All opinions are my own and do not necessarily reflect those of Novo Nordisk.
Last night I had the great opportunity to hear Maynard Olson give a public lecture on Genomic Medicine. As one of the founders of the Human Genome Project, he’s been around in a pivotal role for much of the revolution in our understanding of the genome. A revolution, as he himself points out, that we are still just beginning.
He gave his speech as part of the UW Genome Sciences Department’s summer lecture series, and spoke to a packed auditorium about how the information we are learning about the genome has implications for diagnostics, therapeutics, and public policy. I’ve heard Maynard speak before, and he’s always refreshingly down-to-earth, candid and measured in his descriptions and comments. Not for him are flights of speculation or hyperbole, and he actually ended his talk with a call to stop the hype. As he said, “The product is solid. It doesn’t need hype.” Maynard, who is slim, with a fringe of red hair that’s silvering at the sides (kind of like Reed Richards), does not look at all near his age of about seventy years.
His talk was broadly broken into four sections. The first part, a nod to a broad audience which included a fair number of high school kids and even some kids who looked younger (although maybe it’s just my eyes that are getting older), was a general overview of genetics including the central dogma. Maynard included an invitation to any high school students who might want to form a study group to look at and learn more about DNA sequences and how they function. He encouraged those students to find his email address on the web and get in touch. Which led to the one of the first jokes of the evening when he paused and added, “And if you can’t find my email address, in this age of search, you might want to brush up your skills because searching things online is most of what genomicists do these days.” Funny, and also true. He ended this section with a commentary on how even with our vast knowledge, so much more knowledge remains uncovered, with no real prospect that we’ll get a handle on the minute details any time soon. In his opinion, in a hundred years, understanding all the molecular parts will still be an unsolved problem.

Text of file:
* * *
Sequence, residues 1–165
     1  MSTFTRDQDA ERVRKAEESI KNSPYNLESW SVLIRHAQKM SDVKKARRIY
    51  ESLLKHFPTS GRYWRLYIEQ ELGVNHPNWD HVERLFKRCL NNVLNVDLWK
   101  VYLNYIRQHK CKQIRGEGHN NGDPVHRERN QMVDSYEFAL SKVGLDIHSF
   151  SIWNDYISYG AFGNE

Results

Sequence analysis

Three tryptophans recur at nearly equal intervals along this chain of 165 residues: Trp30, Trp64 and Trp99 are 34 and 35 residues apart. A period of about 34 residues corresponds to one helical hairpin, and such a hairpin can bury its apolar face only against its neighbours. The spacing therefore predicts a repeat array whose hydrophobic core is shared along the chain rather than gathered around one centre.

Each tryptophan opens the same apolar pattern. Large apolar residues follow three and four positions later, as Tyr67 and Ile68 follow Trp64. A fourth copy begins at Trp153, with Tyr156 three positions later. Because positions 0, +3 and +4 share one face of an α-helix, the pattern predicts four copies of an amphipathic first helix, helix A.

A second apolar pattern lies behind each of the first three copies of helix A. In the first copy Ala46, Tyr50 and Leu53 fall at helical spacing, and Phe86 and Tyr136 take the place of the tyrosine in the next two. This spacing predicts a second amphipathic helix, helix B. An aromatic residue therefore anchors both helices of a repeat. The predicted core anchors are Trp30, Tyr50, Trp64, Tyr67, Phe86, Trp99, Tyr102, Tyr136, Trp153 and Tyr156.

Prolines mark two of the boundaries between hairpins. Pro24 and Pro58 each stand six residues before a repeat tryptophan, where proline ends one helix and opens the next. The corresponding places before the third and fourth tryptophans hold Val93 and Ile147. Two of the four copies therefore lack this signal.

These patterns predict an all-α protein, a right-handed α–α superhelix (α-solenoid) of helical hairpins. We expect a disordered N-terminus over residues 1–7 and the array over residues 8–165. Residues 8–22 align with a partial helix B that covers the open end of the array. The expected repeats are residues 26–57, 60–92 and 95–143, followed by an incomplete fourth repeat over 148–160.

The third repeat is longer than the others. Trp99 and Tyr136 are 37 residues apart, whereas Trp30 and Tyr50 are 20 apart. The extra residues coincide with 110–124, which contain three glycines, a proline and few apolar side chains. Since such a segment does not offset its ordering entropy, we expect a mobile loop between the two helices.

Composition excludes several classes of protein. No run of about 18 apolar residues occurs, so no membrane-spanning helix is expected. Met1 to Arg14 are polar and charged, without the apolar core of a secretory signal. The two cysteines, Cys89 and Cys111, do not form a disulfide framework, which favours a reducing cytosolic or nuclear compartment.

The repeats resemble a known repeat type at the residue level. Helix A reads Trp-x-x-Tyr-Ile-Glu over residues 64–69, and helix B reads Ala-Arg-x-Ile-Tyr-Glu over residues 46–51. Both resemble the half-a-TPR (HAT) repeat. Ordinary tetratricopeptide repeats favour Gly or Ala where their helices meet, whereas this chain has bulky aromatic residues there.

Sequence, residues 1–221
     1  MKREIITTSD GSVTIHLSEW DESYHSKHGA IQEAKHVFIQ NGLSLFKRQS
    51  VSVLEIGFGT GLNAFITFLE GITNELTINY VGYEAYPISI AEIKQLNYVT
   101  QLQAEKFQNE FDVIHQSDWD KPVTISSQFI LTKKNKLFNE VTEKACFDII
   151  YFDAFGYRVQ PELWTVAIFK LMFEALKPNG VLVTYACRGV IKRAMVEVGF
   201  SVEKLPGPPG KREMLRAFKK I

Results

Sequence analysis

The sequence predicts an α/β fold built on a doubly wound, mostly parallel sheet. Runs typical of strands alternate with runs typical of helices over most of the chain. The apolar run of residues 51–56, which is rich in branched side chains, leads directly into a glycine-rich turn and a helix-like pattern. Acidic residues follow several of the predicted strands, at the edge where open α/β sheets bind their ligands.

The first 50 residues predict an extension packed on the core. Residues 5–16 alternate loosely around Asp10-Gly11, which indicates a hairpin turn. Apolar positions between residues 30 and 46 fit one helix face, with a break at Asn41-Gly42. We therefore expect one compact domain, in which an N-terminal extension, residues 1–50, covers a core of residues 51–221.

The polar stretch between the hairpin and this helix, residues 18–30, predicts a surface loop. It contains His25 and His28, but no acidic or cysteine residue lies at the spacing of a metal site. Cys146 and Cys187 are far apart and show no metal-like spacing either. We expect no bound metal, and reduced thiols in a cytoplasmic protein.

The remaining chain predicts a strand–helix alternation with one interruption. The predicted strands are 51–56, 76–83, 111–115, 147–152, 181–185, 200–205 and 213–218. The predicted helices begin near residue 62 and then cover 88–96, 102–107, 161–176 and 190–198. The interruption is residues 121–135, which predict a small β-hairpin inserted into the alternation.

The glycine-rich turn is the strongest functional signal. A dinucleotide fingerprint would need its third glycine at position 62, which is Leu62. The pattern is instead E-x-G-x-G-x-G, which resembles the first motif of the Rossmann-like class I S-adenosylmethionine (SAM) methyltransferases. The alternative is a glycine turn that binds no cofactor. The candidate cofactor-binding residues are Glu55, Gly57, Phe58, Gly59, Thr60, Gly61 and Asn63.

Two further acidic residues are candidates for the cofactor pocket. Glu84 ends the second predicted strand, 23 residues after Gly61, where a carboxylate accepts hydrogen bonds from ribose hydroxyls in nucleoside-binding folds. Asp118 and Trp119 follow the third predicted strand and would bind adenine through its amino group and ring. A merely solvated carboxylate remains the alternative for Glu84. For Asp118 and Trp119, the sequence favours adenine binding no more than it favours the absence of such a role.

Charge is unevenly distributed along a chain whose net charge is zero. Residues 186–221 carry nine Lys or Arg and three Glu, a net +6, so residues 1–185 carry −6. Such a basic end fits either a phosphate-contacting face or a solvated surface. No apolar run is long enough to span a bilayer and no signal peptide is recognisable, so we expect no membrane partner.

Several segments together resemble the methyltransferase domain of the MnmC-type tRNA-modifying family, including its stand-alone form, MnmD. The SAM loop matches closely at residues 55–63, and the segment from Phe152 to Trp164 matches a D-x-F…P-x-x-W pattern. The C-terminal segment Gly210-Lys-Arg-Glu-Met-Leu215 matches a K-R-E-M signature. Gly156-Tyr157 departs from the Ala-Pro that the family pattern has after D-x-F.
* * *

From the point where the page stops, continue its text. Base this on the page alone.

As he said, “The weak link…is our primitive understanding of human biology, particularly at the molecular level.” He drew a contrast to surgery, which has made phenomenal strides over the past several decades and which relies on an understanding of physiology and endocrinology and pathology at the level of the whole organism, and not the molecules underlying it all.
The next three parts of his lecture covered the specific topics of diagnostics, therapeutics and policy. He noted that the early advances in application of genomic information to health are almost all on the level of diagnostics, which unfortunately widens, at least for now, the gap between information and actionable findings. Still, as he pointed out in describing the case of the Beery twins, whose genetic disease was recently solved, for many parents the desire to know, to put a name on what is afflicting their children, is in itself a relief and positive outcome, whether treatment exists or not. One of the interesting things that has come out of the initial exome and whole genome diagnosis projects has been the finding that the most challenging part is for clinicians to figure out how to use the data–what to communicate back to the families and what to do about incidental findings.
Here Maynard pointed out the real problem of how variants of unknown significance (VUS’s, kind of an echo in my mind to ROUS’s) are just that: unknowns. Even for many known pathogenic variants, it’s still unclear precisely how they cause disease. Here he pointed out examples like the cystic fibrosis gene mutations and BRCA1 breast cancer-causing mutations in a nod to Mary-Claire King, who was in the audience. How should clinicians and families deal with variants that might, maybe, possibly have some kind of effect on health?